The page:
I’m Sorry…Love, Your Husband (Audiobook) by Clint Edwards, Joe Hempel: Would-be Humorous Essays on Marriage, Parenting, and Family

I'm Sorry...Love, Your Husband

I’m Sorry…Love, Your Husband: Honest, Hilarious Stories From a Father of Three Who Made All the Mistakes (and Made up for Them)

by Clint Edwards, Joe Hempel (Narrator)

Unabridged Audiobook, 4 hrs., 42 mins.
Tantor Audio, 2018

Read: September 23, 2019

The “Short Synopsis” for the book is:

In this inspiring and unconventional book of essays, Clint Edwards sheds light on the darker yet hilarious side of domestic life.

Which sounds pretty good, and is what led to my checking this book out. In the same vein, my “Short Response” is: nope.

The “Full Synopsis” is:

Marriage and Kids are No Joke

He may not win Father of the Year, but Clint Edwards has won the hearts of thousands—including the New York Times, Scary Mommy, and Good Morning America—thanks to his candor and irreverence when it comes to raising kids, being married, and learning from his mistakes.

Clint has three children: Tristan (the know it all), Norah (the snarky princess), and Aspen (the worst roommate ever). He describes parenting as “a million different gears turning in a million different directions, all of them covered in sour milk.” In this inspiring and unconventional book of essays, he sheds light on the darker yet hilarious side of domestic life.

Owning up to all his mishaps and dumbassery, Edwards shares essays on just about every topic fellow spouses and parents can appreciate, including: stupid things he’s said to his pregnant wife, the trauma of taking a toddler shopping, revelations on buying a minivan, and the struggle to not fight the nosy neighbor (who is five years old).

Clint’s funny, heartwarming account of the terrifying yet completely rewarding life of a parent is a breath of fresh air. Each essay in I’m Sorry . . . Love, Your Husband will have you thinking finally, someone gets it.

Which brings me to a “Fuller Response” (I’ll keep my “Full Response” up my sleeve). Those of you who are too young to remember the 1991–1999 Prime Time hit, Home Improvement, may not appreciate this, but I kept thinking of it as I listened to this book. In almost every episode, Tim “The Tool Man” Taylor does something that exasperates and/or disappoints his wife, messes things up with his kids or coworkers in the first act (generally it’s family, but occasionally it’s friends/colleagues). Things get worse during Act Two, leading Tim to get some advice from his wise neighbor, Wilson, and then implement this advice to patch things up with whoever he’s in trouble with and become a better father/husband/friend/colleague. Along the way, America laughed at Tim’s foibles and follies—and at some good comedic moments that had nothing to do with the main plot—and then had their hearts warmed by the ending. That equation worked well for 203 episodes (eh, probably 170 or so, really).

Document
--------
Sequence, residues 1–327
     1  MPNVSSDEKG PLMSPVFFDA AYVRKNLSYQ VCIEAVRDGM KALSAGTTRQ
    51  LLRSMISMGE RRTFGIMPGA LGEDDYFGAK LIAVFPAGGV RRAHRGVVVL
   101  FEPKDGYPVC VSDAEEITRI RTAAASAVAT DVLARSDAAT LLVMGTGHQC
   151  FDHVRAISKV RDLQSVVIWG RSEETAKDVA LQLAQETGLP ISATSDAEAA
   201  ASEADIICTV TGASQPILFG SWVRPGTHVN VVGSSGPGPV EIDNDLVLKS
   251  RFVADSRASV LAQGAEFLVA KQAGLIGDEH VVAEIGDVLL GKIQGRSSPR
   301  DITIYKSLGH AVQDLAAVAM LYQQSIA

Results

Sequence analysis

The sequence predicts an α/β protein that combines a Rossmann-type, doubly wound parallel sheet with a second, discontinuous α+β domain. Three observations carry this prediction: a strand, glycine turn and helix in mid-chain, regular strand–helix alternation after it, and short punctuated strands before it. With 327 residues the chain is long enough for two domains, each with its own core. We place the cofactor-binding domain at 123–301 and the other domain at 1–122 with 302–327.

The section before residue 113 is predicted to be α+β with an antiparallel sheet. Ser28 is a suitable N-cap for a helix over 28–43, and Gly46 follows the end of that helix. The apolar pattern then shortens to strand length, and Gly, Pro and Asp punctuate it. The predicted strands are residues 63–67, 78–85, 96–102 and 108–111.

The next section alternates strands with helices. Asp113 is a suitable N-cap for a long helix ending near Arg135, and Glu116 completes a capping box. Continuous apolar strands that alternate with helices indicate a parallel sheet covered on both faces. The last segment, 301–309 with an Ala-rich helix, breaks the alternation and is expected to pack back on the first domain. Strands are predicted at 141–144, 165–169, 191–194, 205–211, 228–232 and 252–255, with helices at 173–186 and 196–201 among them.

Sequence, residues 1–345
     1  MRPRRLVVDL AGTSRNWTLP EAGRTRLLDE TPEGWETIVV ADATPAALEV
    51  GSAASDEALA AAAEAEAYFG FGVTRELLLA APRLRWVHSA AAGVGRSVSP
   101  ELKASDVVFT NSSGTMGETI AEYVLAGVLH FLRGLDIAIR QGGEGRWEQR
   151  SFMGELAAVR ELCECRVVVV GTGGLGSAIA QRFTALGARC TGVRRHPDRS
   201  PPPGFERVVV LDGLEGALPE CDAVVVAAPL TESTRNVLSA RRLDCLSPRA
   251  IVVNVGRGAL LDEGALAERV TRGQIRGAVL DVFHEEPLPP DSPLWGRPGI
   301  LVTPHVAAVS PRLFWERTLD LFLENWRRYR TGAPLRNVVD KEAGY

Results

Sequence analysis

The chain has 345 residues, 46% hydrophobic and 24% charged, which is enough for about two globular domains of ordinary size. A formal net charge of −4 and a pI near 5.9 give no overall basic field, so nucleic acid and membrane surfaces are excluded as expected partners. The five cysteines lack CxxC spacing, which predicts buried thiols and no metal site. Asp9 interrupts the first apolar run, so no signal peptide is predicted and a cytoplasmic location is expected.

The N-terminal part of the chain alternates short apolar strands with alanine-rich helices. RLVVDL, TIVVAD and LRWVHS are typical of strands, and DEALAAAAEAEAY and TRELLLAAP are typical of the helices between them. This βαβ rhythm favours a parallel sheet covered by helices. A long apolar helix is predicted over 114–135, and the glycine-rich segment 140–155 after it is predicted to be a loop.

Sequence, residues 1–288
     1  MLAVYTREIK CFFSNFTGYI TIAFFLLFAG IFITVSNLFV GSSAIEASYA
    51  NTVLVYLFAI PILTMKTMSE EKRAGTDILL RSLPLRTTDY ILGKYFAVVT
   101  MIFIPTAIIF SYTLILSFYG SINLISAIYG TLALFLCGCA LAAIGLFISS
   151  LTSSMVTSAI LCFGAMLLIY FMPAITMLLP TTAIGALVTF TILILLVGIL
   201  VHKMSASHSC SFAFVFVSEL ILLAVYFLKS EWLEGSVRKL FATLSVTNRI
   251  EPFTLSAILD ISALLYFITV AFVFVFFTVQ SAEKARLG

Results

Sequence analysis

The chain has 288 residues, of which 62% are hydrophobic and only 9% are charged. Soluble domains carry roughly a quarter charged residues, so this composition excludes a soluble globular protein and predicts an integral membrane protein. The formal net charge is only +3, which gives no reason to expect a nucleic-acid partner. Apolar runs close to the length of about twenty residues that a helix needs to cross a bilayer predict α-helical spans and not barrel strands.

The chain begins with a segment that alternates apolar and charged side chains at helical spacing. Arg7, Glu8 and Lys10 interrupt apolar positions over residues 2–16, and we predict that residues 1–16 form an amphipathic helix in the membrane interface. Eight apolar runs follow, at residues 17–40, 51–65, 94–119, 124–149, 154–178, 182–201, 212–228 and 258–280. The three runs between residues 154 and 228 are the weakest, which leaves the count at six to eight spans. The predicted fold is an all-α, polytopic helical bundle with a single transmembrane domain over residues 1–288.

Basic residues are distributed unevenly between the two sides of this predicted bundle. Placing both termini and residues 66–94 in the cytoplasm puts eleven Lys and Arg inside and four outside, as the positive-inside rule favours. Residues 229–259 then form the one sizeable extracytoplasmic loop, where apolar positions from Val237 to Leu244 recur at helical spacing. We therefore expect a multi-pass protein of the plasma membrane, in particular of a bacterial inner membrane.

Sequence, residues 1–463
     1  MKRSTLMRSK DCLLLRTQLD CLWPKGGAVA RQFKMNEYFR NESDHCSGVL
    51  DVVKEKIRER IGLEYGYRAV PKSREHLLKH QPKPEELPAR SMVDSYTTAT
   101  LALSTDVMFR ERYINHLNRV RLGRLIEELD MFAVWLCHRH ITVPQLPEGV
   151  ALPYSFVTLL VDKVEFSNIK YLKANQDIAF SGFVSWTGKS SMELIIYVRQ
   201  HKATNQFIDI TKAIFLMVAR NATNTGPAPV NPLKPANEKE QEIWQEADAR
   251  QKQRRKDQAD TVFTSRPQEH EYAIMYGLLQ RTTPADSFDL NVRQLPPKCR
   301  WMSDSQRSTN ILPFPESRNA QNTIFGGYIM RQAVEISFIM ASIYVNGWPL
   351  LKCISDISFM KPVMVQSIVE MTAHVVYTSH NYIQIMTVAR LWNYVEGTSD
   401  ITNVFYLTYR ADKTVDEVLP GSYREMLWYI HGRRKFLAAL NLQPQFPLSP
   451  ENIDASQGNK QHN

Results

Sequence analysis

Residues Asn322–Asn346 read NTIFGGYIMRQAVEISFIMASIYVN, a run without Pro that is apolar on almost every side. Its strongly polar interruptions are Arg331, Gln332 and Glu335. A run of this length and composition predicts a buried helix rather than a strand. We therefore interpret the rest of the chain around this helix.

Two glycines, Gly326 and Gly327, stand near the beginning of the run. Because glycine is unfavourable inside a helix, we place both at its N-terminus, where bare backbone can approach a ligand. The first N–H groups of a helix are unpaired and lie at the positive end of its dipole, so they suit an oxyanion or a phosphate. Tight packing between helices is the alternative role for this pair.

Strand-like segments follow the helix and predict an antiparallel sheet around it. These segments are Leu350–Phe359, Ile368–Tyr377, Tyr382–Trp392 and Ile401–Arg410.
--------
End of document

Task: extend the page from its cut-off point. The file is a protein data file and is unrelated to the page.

Every essay in this collection reminded me of that outline—except for the comedy. There’s no fictional Tool Time TV show to entertain, there are no actual laughs (maybe 3 bits that made me grin in the 4.75 hours), just frequently preachy lessons about how to become a better man/husband/father (most of which are repeated at least 3 times in the book, almost word-for-word).

The descriptions of his three kids that show up in the synopsis are repeated throughout the book, which is good—because otherwise, I wouldn’t have known this about them. He doesn’t show this at all in his essays.

Hempel does a fine job with this. My problems with this aren’t about him, it’s the content. I can’t say his narration is great, but it might have been. Everything’s colored by the content.

The amount of mild and casual profanity from someone who mentions church as often as he does was a little incongruous. Maybe today’s Mormons are just different from the ones I grew up surrounded by. This isn’t what led to my low rating, it’s just something that chafed a little while I listened to this (and really, it’s the only thing that stuck out to me about the book as a whole). My objection along these lines is that the phrase, “it was a d*$# move” gets tired as a constant evaluation/summary of his actions. If that’s all he can say, maybe he should focus a bit more on the writing and a little less on the self-improvement.

In the end, it wasn’t the triteness, it wasn’t the preachiness, it wasn’t the redundancy of these essays that turned me off (although none of that helped). It was that there was nothing in the essays to make me interested. It was just dull. I didn’t laugh, I didn’t get inspired, I wasn’t entertained. It just was. The only thing that got me through the book was a lack of options that day and a need for something to listen to at work. I’m sure Edwards is a nice guy and a swell father, but he’s just not funny or insightful. Or if he is, he’s left it outside this book.


2 Stars

2019 Library Love Challenge

Humor Reading Challenge 2019